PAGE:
Pope Francis’ encyclical, Laudato Si’ has, since its release in 2015, generated tremendous interest among Catholics and non-Catholics, inspiring many to reflect on the interconnectedness of environmental, social, and economic justice. Different study and reflection groups on the Laudato Si’ have emerged around the world.

Laudato Si Week, which celebrates the encyclical anniversary, offers such an opportunity for Catholics to reflect on some of the pertinent subjects related to economic, social, and environmental justice. Pope Francis invites the world’s 1.3 billion Catholics to participate in the Laudato Si’ Week 2021, held 16-24 May. Laudato Si’ Week 2021 was an opportunity to reflect on lessons learned from the COVID-19 pandemic and prepare for the future with hope.

Below are the themes for each day of the Laudato Si’ Week and the link to some of the webinars.

17 May: Critical Opportunities in 2021 to create change: call for integral path:

18 May: Laudato Si Dialogue on Education:

19 May: Laudato Si Dialogue on Energy and Fossil fuel;

20 May: Sowing Hope for Our Planet/ Creation Care Prayer Network;

21 May: Global Action Day for Our Common Home:

22 May: Laudato Si’ Festival “Songs for Creation”:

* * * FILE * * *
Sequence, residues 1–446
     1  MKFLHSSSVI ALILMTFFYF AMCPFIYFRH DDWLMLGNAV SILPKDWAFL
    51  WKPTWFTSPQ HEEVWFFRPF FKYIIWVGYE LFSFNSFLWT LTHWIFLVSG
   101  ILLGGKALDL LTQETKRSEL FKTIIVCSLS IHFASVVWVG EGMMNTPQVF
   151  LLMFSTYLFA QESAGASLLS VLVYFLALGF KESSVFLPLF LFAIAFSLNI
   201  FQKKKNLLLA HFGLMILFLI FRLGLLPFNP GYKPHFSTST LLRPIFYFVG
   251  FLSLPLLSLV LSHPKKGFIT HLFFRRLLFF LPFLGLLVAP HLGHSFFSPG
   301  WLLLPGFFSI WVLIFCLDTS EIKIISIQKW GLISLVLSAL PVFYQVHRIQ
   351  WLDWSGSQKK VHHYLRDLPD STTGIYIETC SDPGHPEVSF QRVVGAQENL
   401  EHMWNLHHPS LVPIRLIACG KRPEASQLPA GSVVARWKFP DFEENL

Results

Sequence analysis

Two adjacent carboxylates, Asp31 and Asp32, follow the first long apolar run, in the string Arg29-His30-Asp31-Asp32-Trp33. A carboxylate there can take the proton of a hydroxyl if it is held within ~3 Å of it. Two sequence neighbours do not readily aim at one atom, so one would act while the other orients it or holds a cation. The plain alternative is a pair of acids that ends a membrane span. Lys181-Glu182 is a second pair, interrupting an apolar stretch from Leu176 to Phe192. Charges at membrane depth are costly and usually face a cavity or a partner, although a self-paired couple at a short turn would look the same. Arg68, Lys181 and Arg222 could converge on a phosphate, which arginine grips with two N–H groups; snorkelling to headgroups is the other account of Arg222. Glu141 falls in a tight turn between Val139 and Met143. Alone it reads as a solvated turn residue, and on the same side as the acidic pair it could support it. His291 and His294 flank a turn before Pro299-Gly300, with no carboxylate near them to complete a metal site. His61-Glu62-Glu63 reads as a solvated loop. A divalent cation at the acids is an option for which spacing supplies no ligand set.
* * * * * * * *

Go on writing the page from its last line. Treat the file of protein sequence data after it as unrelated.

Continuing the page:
23 May: (Pentecost) Praying Gathering:

24 May: Roundtable about WASH (Water, Sanitation and Hygiene) in Catholic health care facilities:

25 May: Dicastery for Promoting Integral Human Development

Learn more:

Laudato Si Week 2021:

Five top Laudato Si’ Week 2021 highlights:


3The foods we eat, the air we breathe, the water we drink, and the climate that makes our planet habitable all come from nature. Hence, to care for humanity, we must care for nature. In his message to mark the 2020 World Environment Day, the UN Special Rapporteur on human rights and the environment, Mr. David Boyd warns that countries should take urgent action to protect the environment and stop climate disruption, biodiversity loss, toxic pollution and diseases that jump from animals to humans. He noted that at least 70 percent of emerging infectious diseases such as COVID-19 are crossing from the wild to people.  June 5 is observed as World Environment Day. First launched in 1974, this day, according to the UN, has grown to become the UN’s biggest annual event, advocating for environmental action and raising worldwide awareness of the need to increase protection for the planet’s long-term survival.  The main focus of the 2020 World Environment is on biodiversity. Colombia was the global host of the 2020 World Environment Day.

8 June is also observed as World Oceans Day. Oceans are described as4 the lungs of the planet because it provides 70 percent of the oxygen on the earth planet.

Did you also know that?

§  Oceans absorb about 30% of carbon dioxide produced by humans, thereby buffering the impacts of global warming.

  • Oceans serve as the world’s largest source of protein, with more than 3 billion people depending on the oceans as their primary source of protein
  • Over three billion people depend on marine and coastal biodiversity for their livelihoods. (UN World Oceans Day)

Read more:

2020 World Environment Day virtual event.

World Oceans Day;